PARIS — They have played 32 times. Their historical agendas are of similar heft. But Rafael Nadal will be on much more familiar ground than Novak Djokovic when they duel for this year's French Open men's title today.
That is not simply because Nadal is in his seventh French Open final and Djokovic in his first; not because Nadal grew up sliding on gritty red clay in Majorca while Djokovic cracked his first ground strokes on hardcourts painted green in the Serbian mountains.
It is because Nadal has already played the spoiler — respectfully, yet ruthlessly — in Paris.
In 2006 and 2007, Roger Federer, at the peak of his powers, was one victory from winning his first French Open and holding all four Grand Slam singles titles. Nadal shut him down in both finals.
Now it is Djokovic who is in his prime and a victory from becoming the first man since Rod Laver in 1969 to win four straight Grand Slam events. Again, Nadal is the roadblock and the rightful favorite.
"It's an ultimate challenge," Djokovic said Friday after beating Federer in straight sets in the semifinals. "But I believe that (Friday) was the best match of 2012 Roland Garros for me, so I've raised my game when I needed to.
"I played really well when it was the most important, so that's something that gives me confidence, obviously, before the finals."
Djokovic has beaten Nadal in the past three Grand Slam singles finals, including a 5-hour- 53-minute epic at this year's Australian Open.
"It's difficult to imagine another match of six hours," Nadal said Saturday. "But I will be there fighting for every ball. … The only thing I have to predict is that he is playing well, he is playing with confidence. And I have to play aggressive. I have to play my game."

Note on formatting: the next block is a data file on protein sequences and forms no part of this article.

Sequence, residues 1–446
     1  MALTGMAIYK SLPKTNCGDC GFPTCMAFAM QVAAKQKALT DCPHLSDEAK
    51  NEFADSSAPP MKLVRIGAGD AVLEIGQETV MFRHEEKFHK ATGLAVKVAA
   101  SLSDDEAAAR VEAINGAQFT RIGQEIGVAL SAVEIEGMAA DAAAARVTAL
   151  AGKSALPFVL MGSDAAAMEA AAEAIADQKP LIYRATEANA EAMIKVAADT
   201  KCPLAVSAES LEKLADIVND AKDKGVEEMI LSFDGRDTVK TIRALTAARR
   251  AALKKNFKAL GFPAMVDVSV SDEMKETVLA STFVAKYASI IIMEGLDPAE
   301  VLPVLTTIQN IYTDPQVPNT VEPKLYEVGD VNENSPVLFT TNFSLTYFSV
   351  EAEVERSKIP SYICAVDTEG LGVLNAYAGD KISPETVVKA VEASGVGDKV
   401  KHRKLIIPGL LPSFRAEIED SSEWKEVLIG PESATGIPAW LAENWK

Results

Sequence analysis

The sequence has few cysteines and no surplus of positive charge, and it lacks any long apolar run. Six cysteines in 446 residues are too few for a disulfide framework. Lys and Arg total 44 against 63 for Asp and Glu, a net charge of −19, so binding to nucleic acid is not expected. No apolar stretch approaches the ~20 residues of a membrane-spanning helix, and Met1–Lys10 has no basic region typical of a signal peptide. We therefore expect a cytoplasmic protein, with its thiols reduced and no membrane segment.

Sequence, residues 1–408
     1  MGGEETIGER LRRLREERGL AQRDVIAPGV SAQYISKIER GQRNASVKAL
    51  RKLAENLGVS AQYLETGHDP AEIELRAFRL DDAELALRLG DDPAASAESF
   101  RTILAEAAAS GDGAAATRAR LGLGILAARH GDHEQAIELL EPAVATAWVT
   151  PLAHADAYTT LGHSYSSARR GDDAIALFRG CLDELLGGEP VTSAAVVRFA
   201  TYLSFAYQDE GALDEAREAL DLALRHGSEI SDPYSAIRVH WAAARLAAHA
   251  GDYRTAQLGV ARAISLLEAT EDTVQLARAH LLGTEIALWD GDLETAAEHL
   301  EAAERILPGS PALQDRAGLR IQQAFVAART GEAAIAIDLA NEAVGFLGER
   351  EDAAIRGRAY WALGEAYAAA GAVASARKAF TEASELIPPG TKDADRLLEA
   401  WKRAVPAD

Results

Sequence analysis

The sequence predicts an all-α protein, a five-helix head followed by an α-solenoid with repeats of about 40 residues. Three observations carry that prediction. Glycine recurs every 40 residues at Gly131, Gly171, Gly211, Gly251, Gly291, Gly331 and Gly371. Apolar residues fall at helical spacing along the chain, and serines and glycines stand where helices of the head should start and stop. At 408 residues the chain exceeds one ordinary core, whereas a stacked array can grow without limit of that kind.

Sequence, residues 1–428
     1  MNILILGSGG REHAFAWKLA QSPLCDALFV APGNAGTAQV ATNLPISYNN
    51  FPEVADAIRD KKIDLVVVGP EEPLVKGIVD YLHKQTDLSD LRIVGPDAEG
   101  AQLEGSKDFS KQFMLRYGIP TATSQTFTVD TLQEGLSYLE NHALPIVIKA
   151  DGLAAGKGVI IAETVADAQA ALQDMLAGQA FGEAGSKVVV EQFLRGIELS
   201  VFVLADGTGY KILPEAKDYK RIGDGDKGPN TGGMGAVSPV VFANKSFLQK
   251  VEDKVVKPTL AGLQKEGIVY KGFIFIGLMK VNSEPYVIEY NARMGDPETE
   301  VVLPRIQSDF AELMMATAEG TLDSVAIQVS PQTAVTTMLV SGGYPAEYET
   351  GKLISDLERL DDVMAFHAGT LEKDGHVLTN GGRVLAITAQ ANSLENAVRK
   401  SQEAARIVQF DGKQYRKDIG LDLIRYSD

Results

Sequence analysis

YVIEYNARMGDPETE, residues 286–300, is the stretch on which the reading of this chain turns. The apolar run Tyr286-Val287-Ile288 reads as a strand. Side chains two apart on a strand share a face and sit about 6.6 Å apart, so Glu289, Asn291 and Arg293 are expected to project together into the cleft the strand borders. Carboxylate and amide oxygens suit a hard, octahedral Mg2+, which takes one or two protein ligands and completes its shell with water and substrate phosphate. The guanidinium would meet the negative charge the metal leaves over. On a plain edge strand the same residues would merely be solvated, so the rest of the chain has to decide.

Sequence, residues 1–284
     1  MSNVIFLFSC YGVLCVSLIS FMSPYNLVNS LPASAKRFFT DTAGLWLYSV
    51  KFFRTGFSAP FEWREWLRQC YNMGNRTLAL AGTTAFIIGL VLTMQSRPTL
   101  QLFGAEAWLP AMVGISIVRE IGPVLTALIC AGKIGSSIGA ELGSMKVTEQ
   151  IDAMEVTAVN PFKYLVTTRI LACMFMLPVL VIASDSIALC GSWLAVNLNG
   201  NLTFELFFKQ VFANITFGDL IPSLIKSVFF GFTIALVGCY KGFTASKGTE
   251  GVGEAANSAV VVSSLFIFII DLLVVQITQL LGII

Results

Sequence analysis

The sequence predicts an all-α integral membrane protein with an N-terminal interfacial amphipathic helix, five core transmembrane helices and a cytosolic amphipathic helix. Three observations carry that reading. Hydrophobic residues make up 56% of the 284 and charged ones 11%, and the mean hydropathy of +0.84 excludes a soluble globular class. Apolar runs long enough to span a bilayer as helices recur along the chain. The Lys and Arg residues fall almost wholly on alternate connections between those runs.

In statistical and psychological terms, beating Nadal at Roland Garros is one of the toughest tasks in sports.
Nadal is 51-1 at the French Open, his only loss coming in the fourth round to Robin Soderling in 2009. Overall, Nadal's career winning percentage of 93 percent on clay (253-19) is the best of any leading player, including Bjorn Borg, the only other man to win six French Open titles.
And Nadal, clearly inspired by the Djokovic challenge, appears to be in dazzling form, even if his half of the draw was not as rough a neighborhood as Djokovic's half.
Nadal has not lost a set on red clay all year, his only stumble coming in quick, slippery conditions on blue clay in Madrid, where he squandered a lead against Fernando Verdasco. He already has beaten Djokovic this year on clay — once in Monte Carlo and then in Rome — as Djokovic struggled to find the same mix of acute angles and relentless consistency that had allowed him to beat Nadal seven times in a row.
If Nadal prevails, he will stand alone as a seven-time French Open men's champion, something Borg has been expecting for years. If Djokovic wins, he will, like Nadal and Federer, complete the career Grand Slam but, unlike Nadal and Federer, possess all four trophies at the same time.